Tuesday, 01 December 2020
Gillie Sutherland Gillie Sutherland

The opposite of love isn’t hate…it’s fear

By  Gillie Sutherland Nov 01, 2020

It’s sunrise here in Molunat as I write this.

Sunrise is probably my favourite time of day, it’s quiet, it’s still, and today I’m watching the fishing boats going out as the sky turns from pink to blue.

The fact that I am an early bird has caused controversy over the years, I remember running a fitness camp back in the UK many years back and one of the guests told me to “drop dead” because I was far too cheerful in the mornings. The way I saw it was that I wouldn’t have been much of a Motivational Coach if I was all sleepy and grumpy.

We’re never going to be everyone’s “cup of tea” and as I get older that bothers me less.

Just this week online, I was praising the efforts of a public figure for taking in a refugee into his home. Along with some more harsh remarks, I also received the response “Just took a look at your profile, you’re weird”. Little did this chap know, I took that as a compliment.

I guess we all see things differently, but it seems that there are an increasing number of keyboard warriors gunning for a fight, and I can’t help but think that it’s a reflection of the world as a whole at the moment.

Why are we all fighting so much?

For a start, there seems more polarity than ever.

We have to wonder whether this has been intentional in the case of certain Governments. In the UK I’ve never seen so much division. The Government has the public blaming each other, while the Prime Minister refuses to take any responsibility.

There’s no doubt that Trump has incited significant hatred and violence in the US, and in the run up to the election, things are more heated than ever.
The words “divide and conquer” spring to mind in both cases (although I am sure there will be some that disagree).

What seems to be happening is that we are seeing the very best and the very worst of people.

So what brings out the best and what brings out the worst?

I believe the two polar opposites are fear and love.

Many people think that hate is the opposite of love, but it’s actually fear.

Fear brings out the worst in us. It brings out the fight, flight or freeze response, none of which are useful when what we need is courage and resilience. We fight the situation we can’t control (or we fight anyone else who just happens to be around), we flee from the situation, we disengage, even take drugs to escape, or we completely immobilise, we go into shock or a deep depression.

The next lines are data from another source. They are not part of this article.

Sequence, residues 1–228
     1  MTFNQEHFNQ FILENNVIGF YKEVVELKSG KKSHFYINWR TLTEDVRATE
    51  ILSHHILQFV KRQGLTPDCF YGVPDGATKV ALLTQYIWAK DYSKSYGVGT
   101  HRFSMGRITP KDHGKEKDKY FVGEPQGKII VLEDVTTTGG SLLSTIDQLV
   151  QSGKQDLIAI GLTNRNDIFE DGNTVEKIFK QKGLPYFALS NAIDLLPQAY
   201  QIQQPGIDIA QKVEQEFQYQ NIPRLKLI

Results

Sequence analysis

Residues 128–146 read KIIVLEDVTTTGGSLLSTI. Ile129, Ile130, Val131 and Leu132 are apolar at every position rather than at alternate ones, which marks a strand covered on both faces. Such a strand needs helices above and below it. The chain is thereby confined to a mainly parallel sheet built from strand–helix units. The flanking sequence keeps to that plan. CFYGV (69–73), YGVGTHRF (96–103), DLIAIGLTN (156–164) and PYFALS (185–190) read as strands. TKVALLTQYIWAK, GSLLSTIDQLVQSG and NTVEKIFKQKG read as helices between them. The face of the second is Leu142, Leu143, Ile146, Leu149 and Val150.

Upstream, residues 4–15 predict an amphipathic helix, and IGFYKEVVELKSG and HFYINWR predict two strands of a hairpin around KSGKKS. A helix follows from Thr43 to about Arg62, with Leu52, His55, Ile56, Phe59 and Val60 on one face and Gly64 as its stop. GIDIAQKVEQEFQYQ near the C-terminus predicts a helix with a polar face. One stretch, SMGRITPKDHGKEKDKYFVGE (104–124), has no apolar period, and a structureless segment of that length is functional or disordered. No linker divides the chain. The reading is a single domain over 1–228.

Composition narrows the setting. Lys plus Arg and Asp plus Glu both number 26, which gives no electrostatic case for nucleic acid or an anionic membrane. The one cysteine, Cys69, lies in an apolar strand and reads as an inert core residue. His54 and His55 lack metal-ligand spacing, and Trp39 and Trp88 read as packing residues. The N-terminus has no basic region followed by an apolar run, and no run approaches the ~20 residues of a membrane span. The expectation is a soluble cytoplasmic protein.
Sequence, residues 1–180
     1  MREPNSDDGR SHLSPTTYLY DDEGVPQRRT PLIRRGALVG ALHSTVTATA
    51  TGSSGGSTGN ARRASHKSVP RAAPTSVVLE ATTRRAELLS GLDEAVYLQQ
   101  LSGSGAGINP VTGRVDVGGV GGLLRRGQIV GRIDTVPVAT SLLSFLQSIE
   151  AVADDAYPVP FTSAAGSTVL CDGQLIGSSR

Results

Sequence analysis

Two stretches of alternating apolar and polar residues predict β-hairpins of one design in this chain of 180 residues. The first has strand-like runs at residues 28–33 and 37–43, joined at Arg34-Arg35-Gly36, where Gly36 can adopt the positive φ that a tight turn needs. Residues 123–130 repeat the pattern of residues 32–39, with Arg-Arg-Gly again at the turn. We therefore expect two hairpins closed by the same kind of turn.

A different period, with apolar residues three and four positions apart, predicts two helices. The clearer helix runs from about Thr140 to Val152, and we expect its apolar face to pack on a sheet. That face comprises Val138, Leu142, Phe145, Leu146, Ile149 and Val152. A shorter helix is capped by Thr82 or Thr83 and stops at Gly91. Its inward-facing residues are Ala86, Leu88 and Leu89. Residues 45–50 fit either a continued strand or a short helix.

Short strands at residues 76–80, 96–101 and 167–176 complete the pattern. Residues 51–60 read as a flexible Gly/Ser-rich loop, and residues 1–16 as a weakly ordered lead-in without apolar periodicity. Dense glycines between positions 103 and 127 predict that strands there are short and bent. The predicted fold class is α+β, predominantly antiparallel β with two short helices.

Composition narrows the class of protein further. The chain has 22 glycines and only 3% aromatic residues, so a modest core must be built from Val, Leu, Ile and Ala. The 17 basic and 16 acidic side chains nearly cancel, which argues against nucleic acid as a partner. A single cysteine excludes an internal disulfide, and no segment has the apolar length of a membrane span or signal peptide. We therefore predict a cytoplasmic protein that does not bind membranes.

What helps us come out of this “fight, flight or freeze” response is our “social engagement” system; we find comfort in others.

Love.

Not necessarily romantic love, but just “the willingness to extend ourselves for another”. When we do something nice for someone, it feels good, doesn’t it? There’s a reason for that. It releases a hormone called oxytocin, also known as the “cuddle hormone”, which switches off the stress response.

Then what happens is that we are in a calm, relaxed, more peaceful state, and we connect better to those around us, and we also tend to take better care of the world around us.

We can also get our oxytocin fix through spending time with our pets, by dancing, singing, or just moving to a piece of music, and drumming is also excellent.

Of course, romantic love also helps. When you’re in the warm and fuzzy first flushes of love, you’re not that likely to pick a fight with someone!

Also getting 12 hugs a day has been shown to have a significant impact on our mental and emotional health. But let’s face it, who can get 12 “safe” hugs right now?

The one thing we can all do is to do something nice for someone else.

This week I was inspired by the footballer Marcus Rashford who campaigned to make sure vulnerable children did not go hungry after the UK Government ruled against free school meals during the school holidays. His movement meant that hospitality businesses all over the UK reached out to help in offering free meals for children during half-term.

Just one kind act by one person can have a ripple effect that makes a big difference.

Perhaps not by coincidence, Marcus was playing some of the best football of his career this week.

So could love really be the answer? I think so.

But maybe I’m just weird.

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Gillie Sutherland grew up in the north of England, before settling in Devon, but has now swapped her UK address for one on the Adriatic in the very south of Croatia, in Molunat. A professional Wellness Consultant she now runs retreats and online courses from her Konavle base. She also writes a weekly column for the Devon newspaper, The Express and Echo.

To find out more about Gillie go to www.behappyfit.co.uk

 

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